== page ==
More than 4,000 workers have brought unfair dismissal cases against their employers in the last five years.
New figures also reveal the impact the pandemic has had on such cases, with the average annual figure dropping by half in 2020.
There are several reasons someone can bring an unfair dismissal case.
These include if the employer does not have a fair reason for the dismissal — for example, if the worker’s performance has been up to standard — or if the employer does not follow the correct process when the person is being sacked.
There are also automatic unfair dismissals, such as if the worker wanted to take maternity leave, or was a whistleblower making a disclosure in the public interest.
Last year there were 367 unfair dismissal cases registered with the Office of the Industrial and Fair Employment Tribunals, a significant decrease from 2019’s figure of 706.
Since 2015 there have been 4,257 local unfair dismissal cases.
People Before Profit’s Gerry Carroll said the fact more than 4,000 workers have taken unfair dismissal claims forward to tribunal shows the need for “urgent reform of our employment laws to protect workers and to stop employers taking liberties and dismissing workers unfairly”.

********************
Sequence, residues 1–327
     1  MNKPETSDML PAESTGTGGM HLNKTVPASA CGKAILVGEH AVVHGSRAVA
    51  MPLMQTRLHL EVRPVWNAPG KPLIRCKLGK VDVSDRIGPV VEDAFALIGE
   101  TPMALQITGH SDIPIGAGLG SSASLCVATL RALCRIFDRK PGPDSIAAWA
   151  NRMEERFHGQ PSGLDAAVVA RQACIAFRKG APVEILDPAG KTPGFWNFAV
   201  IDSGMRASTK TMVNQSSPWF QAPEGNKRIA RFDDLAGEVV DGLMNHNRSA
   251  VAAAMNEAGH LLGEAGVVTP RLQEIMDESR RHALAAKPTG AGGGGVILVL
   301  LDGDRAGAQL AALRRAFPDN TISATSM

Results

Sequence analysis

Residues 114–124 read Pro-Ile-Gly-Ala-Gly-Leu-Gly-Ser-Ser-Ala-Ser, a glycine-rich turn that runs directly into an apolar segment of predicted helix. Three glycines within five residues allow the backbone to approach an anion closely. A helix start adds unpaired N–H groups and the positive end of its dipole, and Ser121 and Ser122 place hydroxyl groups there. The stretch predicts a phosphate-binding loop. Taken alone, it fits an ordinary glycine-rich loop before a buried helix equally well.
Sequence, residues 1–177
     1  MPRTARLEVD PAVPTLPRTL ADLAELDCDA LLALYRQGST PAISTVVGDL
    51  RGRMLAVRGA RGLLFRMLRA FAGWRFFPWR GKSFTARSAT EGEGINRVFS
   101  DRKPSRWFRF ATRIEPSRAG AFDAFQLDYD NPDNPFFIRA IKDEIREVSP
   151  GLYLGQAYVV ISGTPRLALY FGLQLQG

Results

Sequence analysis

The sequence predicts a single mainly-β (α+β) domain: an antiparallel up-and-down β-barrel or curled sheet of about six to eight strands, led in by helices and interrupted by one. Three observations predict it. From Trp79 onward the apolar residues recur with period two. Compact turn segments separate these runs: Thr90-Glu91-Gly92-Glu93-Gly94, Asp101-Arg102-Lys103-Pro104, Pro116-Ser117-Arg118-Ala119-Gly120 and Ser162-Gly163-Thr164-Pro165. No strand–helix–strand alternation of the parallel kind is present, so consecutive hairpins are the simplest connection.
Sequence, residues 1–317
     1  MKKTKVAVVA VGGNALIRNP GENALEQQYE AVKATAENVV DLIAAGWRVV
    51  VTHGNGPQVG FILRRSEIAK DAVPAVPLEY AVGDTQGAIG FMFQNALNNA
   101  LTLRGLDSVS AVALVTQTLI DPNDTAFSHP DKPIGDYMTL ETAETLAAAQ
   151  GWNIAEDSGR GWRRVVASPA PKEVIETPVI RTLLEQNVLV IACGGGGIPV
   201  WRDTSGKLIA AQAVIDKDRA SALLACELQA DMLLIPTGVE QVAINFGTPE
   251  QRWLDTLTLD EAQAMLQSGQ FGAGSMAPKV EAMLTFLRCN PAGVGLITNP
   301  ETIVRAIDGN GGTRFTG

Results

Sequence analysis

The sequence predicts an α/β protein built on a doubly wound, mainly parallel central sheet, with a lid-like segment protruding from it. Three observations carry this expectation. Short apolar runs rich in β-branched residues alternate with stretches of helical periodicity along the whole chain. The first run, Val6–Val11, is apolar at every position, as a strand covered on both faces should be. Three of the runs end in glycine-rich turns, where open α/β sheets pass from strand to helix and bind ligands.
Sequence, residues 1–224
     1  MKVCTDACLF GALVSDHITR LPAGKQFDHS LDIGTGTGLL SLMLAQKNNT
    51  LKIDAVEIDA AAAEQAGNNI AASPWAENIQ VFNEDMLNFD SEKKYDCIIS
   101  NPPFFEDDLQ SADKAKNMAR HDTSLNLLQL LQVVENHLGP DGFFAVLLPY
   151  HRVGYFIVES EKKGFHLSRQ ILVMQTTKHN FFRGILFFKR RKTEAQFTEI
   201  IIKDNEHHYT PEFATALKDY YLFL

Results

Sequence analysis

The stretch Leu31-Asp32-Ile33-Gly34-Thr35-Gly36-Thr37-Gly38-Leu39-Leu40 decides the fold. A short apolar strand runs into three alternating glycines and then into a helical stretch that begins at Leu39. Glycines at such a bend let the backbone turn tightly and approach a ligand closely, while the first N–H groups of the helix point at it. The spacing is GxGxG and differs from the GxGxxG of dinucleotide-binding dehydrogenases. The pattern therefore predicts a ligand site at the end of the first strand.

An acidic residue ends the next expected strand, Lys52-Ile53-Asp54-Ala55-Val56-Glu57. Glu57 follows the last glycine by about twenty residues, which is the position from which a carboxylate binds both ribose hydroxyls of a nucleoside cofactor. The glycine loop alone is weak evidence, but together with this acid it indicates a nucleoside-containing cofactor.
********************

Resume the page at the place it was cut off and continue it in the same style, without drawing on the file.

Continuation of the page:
“I am currently progressing legislation through Stormont that hopefully strengthens workers’ rights and allows more workers to join a trade union to prevent this disgraceful practice from continuing,” the West Belfast MLA said.
“These figures in and of themselves are a stark warning about how workers are taken advantage of.
“However, my concern is that the true reality of this practice may not be encompassed with these figures, as many are unfortunately unable to bring a case forward to a tribunal.
“The Executive has unfortunately not legislated to improve workers’ rights, but instead kept archaic employment legislation on statute.
“Workers kept our society functioning during the pandemic.
“The very least the Executive parties can do now is to ensure that unfair dismissals cease completely.”